My professor did the following derivation of the formula for the perihelion precession $\delta \phi = \frac{6\pi G M}{a(1-e^2)}$, but I am missing a factor of 2. I would appreciate if someone can help me spot the mistake, or tell me if the approach is totally wrong.

Consider the Schwarzschild metric, and compute the length of a geodesic as: $$S = \int_0^{\tau} d\tau' \sqrt{-g_{\mu\nu}\dot{x}^{\mu}\dot{x}^{\nu}} = \int_0^{\tau}d\tau' \sqrt{2T}.$$ Since the modulus of four-velocity is conserved and equal to $-1$, we have $2T=1$, and imposing the variation of the length equal to zero we get: $$\delta S = \int_0^{\tau} d\tau' \delta\sqrt{2T} = \int_0^{\tau} d\tau' \frac{\delta T}{\sqrt{2T}} = \delta \int_0^{\tau} d\tau' T.$$ Therefore, we have reduced to the lagrangian formalism where the lagrangian is given by $T$ and its functional value is conserved and equal to $1/2$: $$T = \frac{1}{2}\left[\left(1-\frac{2GM}{r}\right)\dot{t}^2 - \left(1-\frac{2GM}{r}\right)^{-1} \dot{r}^2 - r^2 \dot{\theta}^2 -r^2 \sin^2(\theta)\dot{\phi}^2 \right] = \frac{1}{2}$$ We can check using the Euler-Lagrange equation for $\theta$ that $\theta(\tau) =\frac{\pi}{2}$ is a solution, therefore the term $r^2\dot{\theta}^2$ disappears (since $\theta$ is constant) and the term $r^2 \sin^2(\theta) \dot{\phi}^2$ simplifies to $r^2\dot{\phi}^2$. At this point we can use the Euler-Lagrange equation for $t$ and $\phi$ and see that there are two conserved quantities: $$E = \frac{\partial T}{\partial \dot{t}} = \left(1-\frac{2GM}{r}\right)\dot{t}$$ which is the energy, and the angular momentum: $$L = - \frac{\partial T}{\partial \dot{\phi}} = r^2 \dot{\phi}.$$ If we invert the two above relations for $\dot{t}$ and $\dot{\phi}$ and plug them into the expression for $T$, we get a first order differential equation for $r$. After some algebraic manipulations we end up with: $$\frac{1}{2} \dot{r}^2 + \frac{L^2}{2r^2} + \frac{1}{2}\left(1-\frac{2GM}{r}\right) - \frac{GML^2}{r^3} = \frac{E^2}{2},$$ where we recognize the kinetic term $\frac{1}{2}\dot{r}^2$, so the rest of the left-hand side is an effective potential $V(r)$. Now, we can look for newtonian circular orbits by neglecting the term $\sim 1/r^3$, setting the first derivative of the potential to $0$ and solving for $r$: we get $$r_c = \frac{L^2}{GM}.$$ Now, we can expand the potential around the circular orbit, obtaining a harmonic potential, with the second derivative of the potential evaluated at $r=r_c$ playing the role of $\omega^2$, the square of the frequency of the harmonic oscillator. If we compute the second derivative at $r=r_c$ we get (I checked it with WolframAlpha): $$V''(r_c) = \omega^2 = \frac{G^4M^4}{L^6}\left(1-\frac{12G^2M^2}{L^2}\right),$$ where my professor claims that $\omega_N^2 = \frac{G^4M^4}{L^6}$ is the Newtonian orbit frequency. Now, since the GR orbit has a lower frequency than the newtonian one, it means that when the GR orbit has finished a revolution ($\phi = 2\pi$), the newtonian has travelled an additional angle given by: $$\delta \phi = \omega_N \delta T = \omega_N \left(\frac{2\pi}{\omega} - \frac{2\pi}{\omega_N}\right) = 2\pi\left(\frac{1}{\sqrt{1-\frac{12G^2M^2}{L^2}}} - 1\right) \simeq \frac{12\pi G^2M^2}{L^2},$$ which clearly differs from the famous formula (with eccentricity equal to zero) just by a factor of $2$.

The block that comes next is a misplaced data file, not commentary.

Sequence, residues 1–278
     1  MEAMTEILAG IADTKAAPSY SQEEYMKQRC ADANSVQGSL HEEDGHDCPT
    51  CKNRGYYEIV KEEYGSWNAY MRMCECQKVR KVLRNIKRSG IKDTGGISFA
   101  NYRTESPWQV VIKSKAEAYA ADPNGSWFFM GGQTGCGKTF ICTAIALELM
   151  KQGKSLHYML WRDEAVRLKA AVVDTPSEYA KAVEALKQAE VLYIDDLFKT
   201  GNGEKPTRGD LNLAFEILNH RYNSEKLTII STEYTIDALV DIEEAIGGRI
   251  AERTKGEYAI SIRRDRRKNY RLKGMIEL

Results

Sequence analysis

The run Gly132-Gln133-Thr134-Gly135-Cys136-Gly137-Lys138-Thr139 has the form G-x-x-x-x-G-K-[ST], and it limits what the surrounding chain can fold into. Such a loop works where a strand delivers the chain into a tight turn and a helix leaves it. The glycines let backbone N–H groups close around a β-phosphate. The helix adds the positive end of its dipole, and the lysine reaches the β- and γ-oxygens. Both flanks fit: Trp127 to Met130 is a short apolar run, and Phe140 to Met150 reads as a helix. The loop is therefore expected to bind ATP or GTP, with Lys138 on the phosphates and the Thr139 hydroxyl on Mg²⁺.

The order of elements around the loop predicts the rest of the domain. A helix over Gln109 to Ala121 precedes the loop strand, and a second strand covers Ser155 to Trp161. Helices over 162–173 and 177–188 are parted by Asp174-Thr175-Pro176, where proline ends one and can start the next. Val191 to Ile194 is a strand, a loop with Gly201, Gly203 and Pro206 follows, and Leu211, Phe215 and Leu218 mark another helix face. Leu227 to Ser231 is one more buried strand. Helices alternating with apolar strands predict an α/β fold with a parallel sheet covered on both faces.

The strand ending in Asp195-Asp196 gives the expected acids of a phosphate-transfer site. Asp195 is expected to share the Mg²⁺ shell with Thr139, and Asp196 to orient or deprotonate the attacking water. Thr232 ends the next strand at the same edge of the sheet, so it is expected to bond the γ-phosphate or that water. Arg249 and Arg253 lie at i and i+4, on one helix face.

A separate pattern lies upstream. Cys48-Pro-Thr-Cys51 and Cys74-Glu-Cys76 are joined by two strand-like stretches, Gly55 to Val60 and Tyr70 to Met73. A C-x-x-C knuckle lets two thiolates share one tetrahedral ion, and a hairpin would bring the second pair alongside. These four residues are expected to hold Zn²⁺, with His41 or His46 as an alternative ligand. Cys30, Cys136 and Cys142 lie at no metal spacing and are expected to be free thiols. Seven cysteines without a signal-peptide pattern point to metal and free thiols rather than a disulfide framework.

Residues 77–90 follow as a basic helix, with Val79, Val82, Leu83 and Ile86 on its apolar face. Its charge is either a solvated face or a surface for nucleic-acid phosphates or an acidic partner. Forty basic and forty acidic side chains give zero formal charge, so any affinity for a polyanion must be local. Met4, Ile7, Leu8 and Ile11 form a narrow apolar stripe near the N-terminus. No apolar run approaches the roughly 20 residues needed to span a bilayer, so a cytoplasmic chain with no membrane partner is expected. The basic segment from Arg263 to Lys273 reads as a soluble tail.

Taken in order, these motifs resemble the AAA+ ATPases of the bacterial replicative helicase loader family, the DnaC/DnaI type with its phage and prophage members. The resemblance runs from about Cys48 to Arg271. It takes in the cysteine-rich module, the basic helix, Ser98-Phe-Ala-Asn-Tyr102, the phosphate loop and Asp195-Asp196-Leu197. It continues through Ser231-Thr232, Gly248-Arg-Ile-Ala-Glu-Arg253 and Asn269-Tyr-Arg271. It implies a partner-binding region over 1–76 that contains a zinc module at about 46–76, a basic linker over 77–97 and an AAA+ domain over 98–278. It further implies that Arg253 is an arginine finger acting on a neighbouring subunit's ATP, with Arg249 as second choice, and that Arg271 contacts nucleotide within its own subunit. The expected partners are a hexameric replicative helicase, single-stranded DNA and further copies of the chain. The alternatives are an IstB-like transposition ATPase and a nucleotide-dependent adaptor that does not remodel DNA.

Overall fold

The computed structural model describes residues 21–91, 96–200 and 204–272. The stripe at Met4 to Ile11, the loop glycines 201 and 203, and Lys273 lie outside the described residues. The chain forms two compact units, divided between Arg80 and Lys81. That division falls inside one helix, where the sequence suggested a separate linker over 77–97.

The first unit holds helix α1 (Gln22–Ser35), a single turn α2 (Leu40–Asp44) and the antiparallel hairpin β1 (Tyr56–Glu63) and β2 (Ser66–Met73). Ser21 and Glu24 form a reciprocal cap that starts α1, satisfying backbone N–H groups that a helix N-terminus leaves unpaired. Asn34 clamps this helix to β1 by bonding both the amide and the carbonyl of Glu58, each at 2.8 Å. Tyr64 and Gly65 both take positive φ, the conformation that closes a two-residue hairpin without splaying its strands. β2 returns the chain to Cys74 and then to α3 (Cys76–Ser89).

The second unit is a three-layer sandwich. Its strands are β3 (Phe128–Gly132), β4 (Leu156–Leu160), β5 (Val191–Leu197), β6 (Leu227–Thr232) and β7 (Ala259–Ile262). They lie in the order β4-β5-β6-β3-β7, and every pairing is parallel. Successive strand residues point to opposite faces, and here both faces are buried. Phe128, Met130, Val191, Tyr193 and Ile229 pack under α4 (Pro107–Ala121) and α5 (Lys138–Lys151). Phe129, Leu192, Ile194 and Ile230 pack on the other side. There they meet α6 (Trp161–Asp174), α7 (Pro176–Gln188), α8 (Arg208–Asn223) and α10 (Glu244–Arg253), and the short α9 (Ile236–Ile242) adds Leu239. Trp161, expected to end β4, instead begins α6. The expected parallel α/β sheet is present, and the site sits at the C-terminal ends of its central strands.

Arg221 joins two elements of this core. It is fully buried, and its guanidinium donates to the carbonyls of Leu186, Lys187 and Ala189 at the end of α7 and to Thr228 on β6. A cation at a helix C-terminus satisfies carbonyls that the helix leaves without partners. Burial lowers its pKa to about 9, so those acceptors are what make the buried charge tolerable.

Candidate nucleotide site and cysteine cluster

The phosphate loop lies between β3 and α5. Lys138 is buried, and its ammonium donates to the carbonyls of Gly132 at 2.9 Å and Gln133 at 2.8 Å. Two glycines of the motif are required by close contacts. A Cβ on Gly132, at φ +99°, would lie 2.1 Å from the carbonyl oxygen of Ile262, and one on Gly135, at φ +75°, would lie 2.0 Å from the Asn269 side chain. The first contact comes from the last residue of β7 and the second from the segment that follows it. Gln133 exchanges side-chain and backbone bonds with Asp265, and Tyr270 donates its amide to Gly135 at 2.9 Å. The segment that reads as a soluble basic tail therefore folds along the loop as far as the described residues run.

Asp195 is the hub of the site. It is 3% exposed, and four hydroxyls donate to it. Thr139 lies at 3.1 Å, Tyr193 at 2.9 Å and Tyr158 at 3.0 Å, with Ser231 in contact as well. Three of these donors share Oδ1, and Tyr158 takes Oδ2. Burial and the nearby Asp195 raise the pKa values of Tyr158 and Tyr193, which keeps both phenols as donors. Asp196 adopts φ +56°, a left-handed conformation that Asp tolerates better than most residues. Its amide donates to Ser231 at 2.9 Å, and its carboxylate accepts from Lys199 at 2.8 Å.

I double-checked the steps multiple time, but there not seem to be calculation errors. The only thing I can think of is that there is some wrong physical assumption somewhere, but I am not sure.


1 Answer 1


Orbital precession is found from the difference between the frequency in $\phi$ and the frequency of oscillation in $r$. Both calculated in the Schwarzschild metric and both of which differ from the Newtonian result, in opposite directions.


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